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gation of the obscure. I do not see so much immediate use in committees on the high cost of living and inquiries how far it is due to the increased production of gold, how far to the narrowing of cattle ranges and the growth of population, how far to the bugaboo, as I do in bringing home to people a few social and economic truths. Most men think dramatically, not quantitatively, a fact that the rich would be wise to remember more than they do. We are apt to contrast the palace with the hovel, the dinner at Sherry's with the working man's pail, and never ask how much or realize how little is withdrawn to make the prizes of success (subordinate prizes since the only prize much cared for by the powerful is power. The prize of the general is not a bigger tent, but command). We are apt to think of ownership as a terminus, not as a gateway, and not to realize that except the tax levied for personal consumption large ownership means investment, and investment means the direction of labor towards the production of the greatest returns — returns that so far as they are great show by that very fact that they are consumed by the many, not alone by the few. If I may ride a hobby for an instant, I should say we need to think things instead of words — to drop ownership, money, etc., and to think of the stream of products; of wheat and cloth and railway travel. When we do, it is obvious that the many consume them; that they now as truly have substantially all there is, as if the title were in the United States; that the great body of property is socially administered now, and that the function of private ownership is to divine in advance the equilibrium of social desires

which socialism equally would have to divine, but which, under the illusion of self-seeking, is more poignantly and shrewdly foreseen.

I should like to see it brought home to the public that the question of fair prices is due to the fact that none of us can have as much as we want of all the things we want; that as less will be produced than the public wants, the question is how much of each product it will have and how much go without; that thus the final competition is between the objects of desire, and therefore between the producers of those objects; that when we oppose labor and capital, labor means the group that is selling its product and capital all the other groups that are buying it. The hated capitalist is simply the mediator, the prophet, the adjuster according to his divination of the future desire. If you could get that believed, the body of the people would have no doubt as to the worth of law.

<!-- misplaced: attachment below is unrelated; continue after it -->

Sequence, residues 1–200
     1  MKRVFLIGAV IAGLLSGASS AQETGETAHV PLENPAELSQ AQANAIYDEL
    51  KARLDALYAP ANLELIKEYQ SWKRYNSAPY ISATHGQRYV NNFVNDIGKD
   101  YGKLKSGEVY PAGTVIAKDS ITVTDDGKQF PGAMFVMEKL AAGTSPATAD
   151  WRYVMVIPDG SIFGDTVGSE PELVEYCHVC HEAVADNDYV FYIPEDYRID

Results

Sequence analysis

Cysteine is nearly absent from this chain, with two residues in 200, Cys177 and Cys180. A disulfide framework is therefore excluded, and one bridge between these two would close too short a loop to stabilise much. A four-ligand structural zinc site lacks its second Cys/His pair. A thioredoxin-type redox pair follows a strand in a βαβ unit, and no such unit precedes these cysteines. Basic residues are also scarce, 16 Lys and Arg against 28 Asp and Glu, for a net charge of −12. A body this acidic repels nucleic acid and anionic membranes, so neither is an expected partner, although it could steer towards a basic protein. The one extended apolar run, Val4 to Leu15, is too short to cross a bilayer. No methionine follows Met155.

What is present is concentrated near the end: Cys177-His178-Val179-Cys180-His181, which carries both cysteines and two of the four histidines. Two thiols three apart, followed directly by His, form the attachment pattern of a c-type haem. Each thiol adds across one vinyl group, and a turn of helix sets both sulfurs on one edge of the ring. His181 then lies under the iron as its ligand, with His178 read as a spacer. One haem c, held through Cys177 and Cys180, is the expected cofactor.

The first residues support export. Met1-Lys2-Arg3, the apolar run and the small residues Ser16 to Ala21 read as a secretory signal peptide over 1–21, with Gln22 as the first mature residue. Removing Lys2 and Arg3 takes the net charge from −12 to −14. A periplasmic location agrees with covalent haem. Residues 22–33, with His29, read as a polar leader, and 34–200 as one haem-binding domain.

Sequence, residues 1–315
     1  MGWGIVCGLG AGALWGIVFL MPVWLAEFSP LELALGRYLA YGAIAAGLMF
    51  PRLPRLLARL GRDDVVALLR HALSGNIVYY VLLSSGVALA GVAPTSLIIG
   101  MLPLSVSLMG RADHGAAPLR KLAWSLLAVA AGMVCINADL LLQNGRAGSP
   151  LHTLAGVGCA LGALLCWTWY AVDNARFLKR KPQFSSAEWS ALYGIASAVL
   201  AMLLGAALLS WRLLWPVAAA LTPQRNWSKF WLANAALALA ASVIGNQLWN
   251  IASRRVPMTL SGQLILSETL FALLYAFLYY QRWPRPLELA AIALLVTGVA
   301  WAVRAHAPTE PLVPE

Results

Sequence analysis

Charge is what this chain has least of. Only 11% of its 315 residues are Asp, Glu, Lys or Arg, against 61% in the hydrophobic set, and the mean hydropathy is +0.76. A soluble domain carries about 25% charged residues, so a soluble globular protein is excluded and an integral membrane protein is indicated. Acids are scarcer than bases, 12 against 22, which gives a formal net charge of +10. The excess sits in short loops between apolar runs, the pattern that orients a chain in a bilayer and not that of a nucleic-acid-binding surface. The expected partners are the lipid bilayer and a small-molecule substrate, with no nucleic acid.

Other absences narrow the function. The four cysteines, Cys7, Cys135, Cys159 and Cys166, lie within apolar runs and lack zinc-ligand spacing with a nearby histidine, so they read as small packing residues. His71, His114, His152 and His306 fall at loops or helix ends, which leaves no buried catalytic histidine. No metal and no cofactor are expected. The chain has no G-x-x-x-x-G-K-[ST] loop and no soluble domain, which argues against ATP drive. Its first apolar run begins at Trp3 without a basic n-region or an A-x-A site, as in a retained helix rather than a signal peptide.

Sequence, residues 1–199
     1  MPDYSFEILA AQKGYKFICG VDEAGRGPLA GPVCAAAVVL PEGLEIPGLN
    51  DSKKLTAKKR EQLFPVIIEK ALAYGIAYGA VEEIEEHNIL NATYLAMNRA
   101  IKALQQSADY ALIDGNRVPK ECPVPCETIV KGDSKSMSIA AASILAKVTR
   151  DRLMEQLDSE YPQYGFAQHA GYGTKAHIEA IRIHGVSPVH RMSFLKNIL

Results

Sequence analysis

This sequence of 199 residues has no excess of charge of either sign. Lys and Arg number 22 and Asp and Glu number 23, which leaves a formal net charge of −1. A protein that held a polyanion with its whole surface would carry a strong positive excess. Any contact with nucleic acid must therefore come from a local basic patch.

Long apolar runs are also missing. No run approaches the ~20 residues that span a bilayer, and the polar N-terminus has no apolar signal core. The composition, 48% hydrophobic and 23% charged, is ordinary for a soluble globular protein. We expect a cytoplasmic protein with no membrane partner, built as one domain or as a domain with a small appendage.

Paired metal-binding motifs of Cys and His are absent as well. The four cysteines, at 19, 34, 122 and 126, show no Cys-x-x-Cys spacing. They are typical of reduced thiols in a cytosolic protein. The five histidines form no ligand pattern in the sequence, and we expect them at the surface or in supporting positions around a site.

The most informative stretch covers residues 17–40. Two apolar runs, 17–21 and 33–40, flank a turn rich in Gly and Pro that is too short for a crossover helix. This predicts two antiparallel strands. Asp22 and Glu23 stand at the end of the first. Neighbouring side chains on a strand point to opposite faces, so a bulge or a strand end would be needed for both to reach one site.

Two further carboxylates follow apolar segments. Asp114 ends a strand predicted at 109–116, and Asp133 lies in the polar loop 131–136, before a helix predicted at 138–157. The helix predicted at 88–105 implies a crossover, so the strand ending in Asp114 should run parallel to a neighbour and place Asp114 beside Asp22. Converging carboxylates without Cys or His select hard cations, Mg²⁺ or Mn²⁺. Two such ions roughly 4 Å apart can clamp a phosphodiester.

That is my outside thought on the present discontents. As to the truth embodied in them, in part it cannot be helped. It cannot be helped, it is as it should be, that the law is behind the times. I told a labor leader once that what they asked was favor, and if a decision was against them they called it wicked. The same might be said of their opponents. It means that the law is growing. As law embodies beliefs that have triumphed in the battle of ideas and then have translated themselves into action, while there still is doubt, while opposite convictions still keep a battle front against each other, the time for law has not come; the notion destined to prevail is not yet entitled to the field. It is a misfortune if a judge reads his conscious or unconscious sympathy with one side or the other prematurely into the law, and forgets that what seem to him to be first principles are believed by half his fellow men to be wrong. I think that we have suffered from this misfortune, in State courts at least, and that this is another and very important truth to be extracted from the popular discontent. When twenty years ago a vague terror went over the earth and the word socialism began to be heard, I thought and still think that fear was translated into doctrines that had no proper place in the Constitution or the common law. Judges are apt to be naif, simple-minded men, and they need something of Mephistopheles. We too need education in the obvious — to learn to transcend our own convictions and to leave room for much that we hold dear to be done away with short of revolution by the orderly change of law.